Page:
Better known as NSAIDs, these medications are among the most commonly prescribed. They treat pain by targeting inflammation and are especially popular because they help relieve menstrual pain.
However, even though they can produce short-term relief, chronic use can damage your gut lining and make your gut microbes sad. They irritate your intestinal lining, causing inflammation and even bleeding, too — both of which are detrimental to this organ and your microbiome.
☝️Like ibuprofen, TIP☝️Some of these painkillers can be bought at your shop, others prescribed by your doctor.
Feeling clogged up? Wait before you reach for a laxative. It might relieve the pressure, but it can also disturb your gut’s natural rhythm.
Chronic constipation is bothersome, and poor dietary habits can mean you’re not as regular as you should be. However, long-term use of laxatives can leave you dependent on them and may also deplete your gut flora. Perhaps unsurprisingly, laxative abuse is also a common trait in eating disorders.
What causes constipation? — Heba Shaheed for Ted-Ed
If you’re experiencing constipation frequently and not caused by an underlying medical condition, making changes to your lifestyle will help. Add more fiber to your diet, start exercising regularly, and try to maintain a daily toilet routine to stay regular. And just remember, sometimes it’s okay if you go a day without poop.
No dodgy kebabs on the microbiome diet menu
Greasy, processed food goes hand-in-hand with a boozy night out. Put them together, and you have a recipe for digestive mayhem.
We’ve all been there and eaten something which just didn’t agree with our gut. Bacteria is a common cause of food poisoning with vomiting, diarrhea, and incapacitating stomach cramps. In severe cases, it can be deadly. That’s why proper food handling and hygiene in restaurants is critical.
But is it, though? When in doubt, trust your gut (not your hungry brain)
So it’s worth considering the possibility that your dodgy Saturday night takeaway may be a culprit in temporary digestive discomfort. When pathogens invade, they rapidly multiply and produce toxins. In turn, the gut lining reacts with inflammation. So if you are heading out to paint the town red, line your stomach before you go out and don’t eat that dodgy takeaway.
Fad diets should be avoided.
Science has repeatedly shown that dieters are doomed to failure, yet new fad diets always manage to find abundant followers.
Fad diets are often restrictive novelties that are not backed up by medical research. In many cases, they promise quick and easy weight-loss strategies without any information about the science, risks, and potential long-term consequences for your health, gut, and microbiome.
These nutritional regimes can mean cutting out whole food groups or eating a specific type of food. A major one is a no-carb craze, but we know that a healthy microbiome and happy gut flora need prebiotic fibers to produce beneficial metabolites. Just removing food can disturb this sensitive ecosystem and your body’s delicate metabolic balance.
Restoring gut flora after antibiotics
Antibiotics deplete many bacteria, not just the ones making you sick. That’s why they should only be used under the supervision of a doctor when you really need them.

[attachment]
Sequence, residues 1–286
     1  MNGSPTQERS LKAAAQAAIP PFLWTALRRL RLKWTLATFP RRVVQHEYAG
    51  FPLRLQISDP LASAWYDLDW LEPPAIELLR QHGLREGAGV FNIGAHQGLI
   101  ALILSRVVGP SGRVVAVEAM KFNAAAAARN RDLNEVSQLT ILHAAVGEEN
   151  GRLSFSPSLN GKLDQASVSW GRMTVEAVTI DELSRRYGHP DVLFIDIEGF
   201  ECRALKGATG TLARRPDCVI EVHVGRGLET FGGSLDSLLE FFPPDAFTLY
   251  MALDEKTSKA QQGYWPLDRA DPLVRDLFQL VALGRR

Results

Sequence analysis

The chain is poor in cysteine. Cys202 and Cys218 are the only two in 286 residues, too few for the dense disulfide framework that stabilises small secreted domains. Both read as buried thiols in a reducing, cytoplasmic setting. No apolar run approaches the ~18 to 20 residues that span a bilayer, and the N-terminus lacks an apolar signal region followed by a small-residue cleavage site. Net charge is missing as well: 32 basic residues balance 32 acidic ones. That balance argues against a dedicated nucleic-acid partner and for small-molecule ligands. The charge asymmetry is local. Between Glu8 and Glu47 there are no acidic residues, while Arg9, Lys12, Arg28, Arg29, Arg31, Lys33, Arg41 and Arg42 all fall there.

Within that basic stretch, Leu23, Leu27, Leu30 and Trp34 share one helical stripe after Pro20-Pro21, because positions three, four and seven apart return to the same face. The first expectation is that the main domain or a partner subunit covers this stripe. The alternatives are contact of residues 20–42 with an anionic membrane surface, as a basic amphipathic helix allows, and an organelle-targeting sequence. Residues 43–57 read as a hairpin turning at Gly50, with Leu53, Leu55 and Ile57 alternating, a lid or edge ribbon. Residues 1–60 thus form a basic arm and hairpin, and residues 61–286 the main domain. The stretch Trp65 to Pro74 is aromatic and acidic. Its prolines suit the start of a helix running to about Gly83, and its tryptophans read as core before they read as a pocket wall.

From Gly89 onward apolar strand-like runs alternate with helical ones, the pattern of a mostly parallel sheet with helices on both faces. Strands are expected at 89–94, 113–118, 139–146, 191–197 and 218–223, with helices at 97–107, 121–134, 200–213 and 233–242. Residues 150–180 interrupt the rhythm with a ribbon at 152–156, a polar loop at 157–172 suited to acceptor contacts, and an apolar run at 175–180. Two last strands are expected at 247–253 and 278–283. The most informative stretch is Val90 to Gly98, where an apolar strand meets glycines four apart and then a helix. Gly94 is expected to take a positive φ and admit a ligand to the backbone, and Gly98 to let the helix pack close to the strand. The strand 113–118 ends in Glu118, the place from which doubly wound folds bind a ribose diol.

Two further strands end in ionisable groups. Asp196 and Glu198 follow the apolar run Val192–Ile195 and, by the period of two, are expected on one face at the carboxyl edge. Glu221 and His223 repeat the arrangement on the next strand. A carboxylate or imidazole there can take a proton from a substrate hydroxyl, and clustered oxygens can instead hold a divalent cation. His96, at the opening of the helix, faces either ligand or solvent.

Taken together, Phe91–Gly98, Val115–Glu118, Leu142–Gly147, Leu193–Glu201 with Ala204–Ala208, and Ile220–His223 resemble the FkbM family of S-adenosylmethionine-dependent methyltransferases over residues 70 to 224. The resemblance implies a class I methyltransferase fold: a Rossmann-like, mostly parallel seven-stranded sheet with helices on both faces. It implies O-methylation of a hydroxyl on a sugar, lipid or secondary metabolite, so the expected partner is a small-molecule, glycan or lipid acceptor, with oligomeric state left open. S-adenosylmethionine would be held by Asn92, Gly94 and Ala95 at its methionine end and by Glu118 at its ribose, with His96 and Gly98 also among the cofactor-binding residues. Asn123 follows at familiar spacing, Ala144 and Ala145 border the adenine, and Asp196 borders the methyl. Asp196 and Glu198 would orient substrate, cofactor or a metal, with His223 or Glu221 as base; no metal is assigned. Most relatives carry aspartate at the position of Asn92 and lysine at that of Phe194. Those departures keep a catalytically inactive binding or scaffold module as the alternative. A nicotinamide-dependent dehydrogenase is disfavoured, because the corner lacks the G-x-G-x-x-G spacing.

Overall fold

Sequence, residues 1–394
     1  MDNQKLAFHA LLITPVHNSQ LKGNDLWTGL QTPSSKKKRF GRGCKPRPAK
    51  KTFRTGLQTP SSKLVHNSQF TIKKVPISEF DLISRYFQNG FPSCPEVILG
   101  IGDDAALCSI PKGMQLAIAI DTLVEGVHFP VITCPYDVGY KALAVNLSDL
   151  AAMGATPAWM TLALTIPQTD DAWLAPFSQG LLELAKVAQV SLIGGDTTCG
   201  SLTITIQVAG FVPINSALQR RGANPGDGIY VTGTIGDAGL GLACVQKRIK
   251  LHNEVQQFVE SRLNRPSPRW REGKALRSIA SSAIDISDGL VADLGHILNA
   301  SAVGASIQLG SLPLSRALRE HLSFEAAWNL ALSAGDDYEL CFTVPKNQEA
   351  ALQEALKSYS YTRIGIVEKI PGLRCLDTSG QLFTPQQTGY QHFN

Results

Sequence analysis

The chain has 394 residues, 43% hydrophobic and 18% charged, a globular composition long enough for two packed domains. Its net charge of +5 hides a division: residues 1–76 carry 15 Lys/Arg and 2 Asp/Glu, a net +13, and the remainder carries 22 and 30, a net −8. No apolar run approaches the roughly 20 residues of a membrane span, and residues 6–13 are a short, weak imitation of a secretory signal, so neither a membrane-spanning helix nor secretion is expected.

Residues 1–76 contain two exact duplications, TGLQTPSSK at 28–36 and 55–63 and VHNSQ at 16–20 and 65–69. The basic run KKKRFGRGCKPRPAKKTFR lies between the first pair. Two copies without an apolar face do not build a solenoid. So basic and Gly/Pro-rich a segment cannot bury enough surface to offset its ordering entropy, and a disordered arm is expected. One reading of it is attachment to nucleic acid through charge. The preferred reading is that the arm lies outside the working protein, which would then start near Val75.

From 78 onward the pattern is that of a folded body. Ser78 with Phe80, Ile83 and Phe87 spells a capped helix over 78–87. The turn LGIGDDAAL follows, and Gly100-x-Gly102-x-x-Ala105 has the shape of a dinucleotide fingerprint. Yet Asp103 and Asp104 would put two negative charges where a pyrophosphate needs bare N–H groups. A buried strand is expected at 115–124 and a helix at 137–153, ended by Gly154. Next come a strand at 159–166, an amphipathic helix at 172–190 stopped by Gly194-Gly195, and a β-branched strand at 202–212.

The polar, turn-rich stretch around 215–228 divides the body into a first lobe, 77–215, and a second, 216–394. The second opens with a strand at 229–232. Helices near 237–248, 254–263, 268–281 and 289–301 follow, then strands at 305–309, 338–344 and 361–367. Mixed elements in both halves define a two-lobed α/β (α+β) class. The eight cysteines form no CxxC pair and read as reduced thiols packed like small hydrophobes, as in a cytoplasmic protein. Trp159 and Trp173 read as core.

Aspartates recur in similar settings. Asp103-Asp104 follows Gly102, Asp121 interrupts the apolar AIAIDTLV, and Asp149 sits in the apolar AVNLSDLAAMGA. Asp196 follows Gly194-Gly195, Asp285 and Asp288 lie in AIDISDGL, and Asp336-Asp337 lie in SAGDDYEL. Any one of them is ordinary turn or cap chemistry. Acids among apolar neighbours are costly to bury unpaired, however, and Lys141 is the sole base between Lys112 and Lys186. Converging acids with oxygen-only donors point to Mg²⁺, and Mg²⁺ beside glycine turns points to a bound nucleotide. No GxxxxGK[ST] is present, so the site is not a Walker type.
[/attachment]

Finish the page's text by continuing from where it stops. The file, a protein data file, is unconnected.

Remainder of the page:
Antibiotics are an essential means to target bacterial infections. The problem is, we’ve used them too much, and antibiotic resistance is becoming a significant problem. Your gut flora isn’t keen on them either, and for a good reason.
Antibiotic resistance explained — Kurzgesagt
Studies show that antibiotics alter the composition of your gut biome in the long and short term. That’s why some doctors also prescribe a probiotic at the same time. If you do need them, make sure to top up your prebiotic fiber intake to nourish your good bugs and get a microbiome test to see how you can help them recover.
Influencers don’t necessarily know the science.
Social media made people famous by promoting an aspirational lifestyle that often receives advertising products and services.
Ask yourself, how many accredited health experts and researchers do you follow? Social media influencers are often highly paid by companies to promote products and/or services. They also made it to the top by sharing opinions, but not necessarily scientific facts.
Researchers K Pilgrim & S Bohnet-Joshko investigated health influencer communication strategies.
It’s essential to do your own research, or else you may find yourself doing some very unscientific stuff and buying all sorts of gut health supplements that some rando with a hundred thousand followers told you to. Don’t be afraid to question what you’re being told.
In short, here’s how to have a healthy gut
Never underestimate the importance of gut health when it comes to your body and wellbeing. It’s home to trillions of bacteria, not to mention actual human cells, that work hard to keep you fit and well. Your lifestyle can have a severe impact on this balance.
Making simple positive changes like more fiber in your diet, more exercise, and less unnecessary medication is how to get a healthy gut and wholesome gut microbiome. Just remember, you really do have the power to change, one step at a time.
Leanne EdermanigerScience writer who enjoys laughing, which is proven to help you live longer.